Trying very hard meanwhile to ignore the fact that the US put Saddam there in the first place in order to subvert and stop democracy.

    Also the US would not have been "inspired by the prospect of [democracy]" if Iraq didn't hold a particularly key role in an oil rich and religiously important region of the world. No such inspiration ever comes to the US when it comes to Southern African countries.
  7. 12 May '11 05:51 / 2 edits
    lol Don't forget the weapons of mass destruction and Saddam's links to Al-Q. More or less justice of 9/11 for racist America onto the wrong people.
  8. Standard member Seitse
    Doug Stanhope
    12 May '11 06:28 / 1 edit
    What Chomsky and also Said need to do is to put some moisturizing cream
    in their rear after the arse wipe they have always got from Alan Dershowitz.
  9. Standard member Palynka
    Upward Spiral
    12 May '11 09:10
    Originally posted by twhitehead
    Trying very hard meanwhile to ignore the fact that the US put Saddam there in the first place in order to subvert and stop democracy.
    Democracy was not the one stopped, Qasim was. That the US preferred a (what they perceived) pro-Western fascist to a anti-Western fascist is not the same as wanting to subvert and stop democracy.
  10. 12 May '11 09:13 / 1 edit
    Originally posted by Palynka
    Democracy was not the one stopped, Qasim was. That the US preferred a (what they perceived) pro-Western fascist to a anti-Western fascist is not the same as wanting to subvert and stop democracy.
    How is essentially overriding the democratic process in a foreign country and installing your own puppet anything other than 'stopping democracy'?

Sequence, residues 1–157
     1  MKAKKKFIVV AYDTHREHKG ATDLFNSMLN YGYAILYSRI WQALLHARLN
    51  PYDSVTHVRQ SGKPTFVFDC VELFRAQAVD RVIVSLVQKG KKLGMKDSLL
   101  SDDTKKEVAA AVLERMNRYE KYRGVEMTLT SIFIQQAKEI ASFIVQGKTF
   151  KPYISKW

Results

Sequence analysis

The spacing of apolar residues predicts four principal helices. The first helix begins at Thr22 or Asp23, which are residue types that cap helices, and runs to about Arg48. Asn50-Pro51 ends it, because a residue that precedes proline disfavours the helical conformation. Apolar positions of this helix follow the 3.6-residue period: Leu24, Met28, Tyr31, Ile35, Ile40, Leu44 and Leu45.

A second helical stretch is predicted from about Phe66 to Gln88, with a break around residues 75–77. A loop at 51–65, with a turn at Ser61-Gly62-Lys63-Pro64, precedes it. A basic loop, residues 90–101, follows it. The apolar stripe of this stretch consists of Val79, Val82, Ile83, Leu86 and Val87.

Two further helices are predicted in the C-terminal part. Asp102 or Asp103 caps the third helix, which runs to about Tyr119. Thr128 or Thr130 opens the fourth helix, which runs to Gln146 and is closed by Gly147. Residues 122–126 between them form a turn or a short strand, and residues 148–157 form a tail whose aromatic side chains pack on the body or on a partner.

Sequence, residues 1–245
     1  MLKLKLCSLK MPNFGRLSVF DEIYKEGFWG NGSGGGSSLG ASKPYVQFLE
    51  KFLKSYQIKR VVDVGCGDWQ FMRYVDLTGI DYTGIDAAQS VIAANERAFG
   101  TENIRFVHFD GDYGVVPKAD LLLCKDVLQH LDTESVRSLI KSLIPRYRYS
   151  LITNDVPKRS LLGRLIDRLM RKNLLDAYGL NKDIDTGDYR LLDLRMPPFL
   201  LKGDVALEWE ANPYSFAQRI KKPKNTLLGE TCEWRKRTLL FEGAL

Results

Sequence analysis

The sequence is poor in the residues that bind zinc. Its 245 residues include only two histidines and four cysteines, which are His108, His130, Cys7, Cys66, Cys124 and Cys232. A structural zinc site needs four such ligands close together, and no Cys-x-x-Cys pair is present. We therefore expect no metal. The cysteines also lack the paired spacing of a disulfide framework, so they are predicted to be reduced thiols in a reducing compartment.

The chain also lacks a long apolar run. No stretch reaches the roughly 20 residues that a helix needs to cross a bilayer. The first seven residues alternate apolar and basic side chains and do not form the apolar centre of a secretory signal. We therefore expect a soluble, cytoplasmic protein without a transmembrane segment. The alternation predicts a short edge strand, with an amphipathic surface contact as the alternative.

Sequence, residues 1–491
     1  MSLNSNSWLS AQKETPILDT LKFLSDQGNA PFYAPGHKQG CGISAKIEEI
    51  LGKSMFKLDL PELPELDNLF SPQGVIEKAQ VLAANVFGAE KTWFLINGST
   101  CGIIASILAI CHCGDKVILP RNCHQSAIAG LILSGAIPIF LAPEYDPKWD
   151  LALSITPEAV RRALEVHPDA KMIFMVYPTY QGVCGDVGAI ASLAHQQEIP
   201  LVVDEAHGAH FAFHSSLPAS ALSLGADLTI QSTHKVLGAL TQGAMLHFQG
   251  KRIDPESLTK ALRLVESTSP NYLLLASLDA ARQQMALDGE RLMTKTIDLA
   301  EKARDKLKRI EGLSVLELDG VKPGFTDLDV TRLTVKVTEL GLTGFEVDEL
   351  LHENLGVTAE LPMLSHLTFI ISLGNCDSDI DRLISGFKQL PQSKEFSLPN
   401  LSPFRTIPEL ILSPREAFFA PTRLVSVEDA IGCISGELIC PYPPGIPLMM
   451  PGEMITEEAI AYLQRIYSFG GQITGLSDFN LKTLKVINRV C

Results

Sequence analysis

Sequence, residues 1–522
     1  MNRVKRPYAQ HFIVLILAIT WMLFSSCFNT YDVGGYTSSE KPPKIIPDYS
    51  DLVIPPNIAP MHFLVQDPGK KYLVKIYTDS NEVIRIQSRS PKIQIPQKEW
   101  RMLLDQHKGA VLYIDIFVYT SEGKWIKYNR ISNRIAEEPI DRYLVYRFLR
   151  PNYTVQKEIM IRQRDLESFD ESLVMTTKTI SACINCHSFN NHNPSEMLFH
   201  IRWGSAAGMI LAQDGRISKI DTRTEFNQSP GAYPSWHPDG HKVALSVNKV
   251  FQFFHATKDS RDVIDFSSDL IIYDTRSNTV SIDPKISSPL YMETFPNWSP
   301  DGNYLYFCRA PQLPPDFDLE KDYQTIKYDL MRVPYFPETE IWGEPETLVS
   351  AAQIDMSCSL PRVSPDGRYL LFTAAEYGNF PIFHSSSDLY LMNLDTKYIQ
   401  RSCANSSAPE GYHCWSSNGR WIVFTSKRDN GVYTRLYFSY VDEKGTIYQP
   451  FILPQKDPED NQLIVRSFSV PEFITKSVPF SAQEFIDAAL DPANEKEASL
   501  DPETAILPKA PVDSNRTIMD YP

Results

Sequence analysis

So they wanted to stop democracy not as a primary goal, but because they didn't like the likely outcome of democracy and various other interests in the region such as oil and Israel. They did, deliberately and effectively stop democracy.
  11. Standard member Palynka
    Upward Spiral
    12 May '11 09:17 / 1 edit
    Originally posted by sh76
    You and Chomsky are truly kindred spirits. You have essentially the same problem in your geopolitical analyses (though Chomsky is undeniably brilliant).

    Both of you have no problem making sweeping arguments that turn on extremely fine points of logic and are based mostly on interesting-sounding speculation. Neither of you have any need for nuance.

    Like it hing! The "U.S. and Its Allies" are not capable of acting in that sort of concert.
    Rec'd for a nice outline of Chomsky's MO. If "the West" had not intervened in Libya then Chomsky would be accusing the West of not supporting a popular uprising because they were afraid of its result. In geopolitical commentary, he's just another man with only one hammer seeing nails everywhere.
  12. Standard member Palynka
    Upward Spiral
    12 May '11 09:19 / 1 edit
    Originally posted by twhitehead
    How is essentially overriding the democratic process in a foreign country and installing your own puppet anything other than 'stopping democracy'?
    So they wanted to stop democracy not as a primary goal, but because they didn't like the likely outcome of democracy and various other interests in the region such as oil and Israel. They did, deliberately and effectively stop democracy.
    There was no democratic process was in place when the US supported Saddam's overthrow of Qasim.
  13. 12 May '11 10:44
    I don't see why the US would have a problem with a moderate democratic government. Heck, the US is already allied with Turkey (not Arab, but still) and its semi-theocratic government.
  14. Standard member Palynka
    Upward Spiral
    12 May '11 11:10
    Originally posted by KazetNagorra
    I don't see why the US would have a problem with a moderate democratic government. Heck, the US is already allied with Turkey (not Arab, but still) and its semi-theocratic government.
    Turkey is a pretty secular country. More than many European countries or the US, in my view.
  15. 12 May '11 11:11
    Originally posted by Palynka
    Turkey is a pretty secular country. More than many European countries or the US, in my view.
    Yes, but its current government surely wants to reduce the secular nature of the system.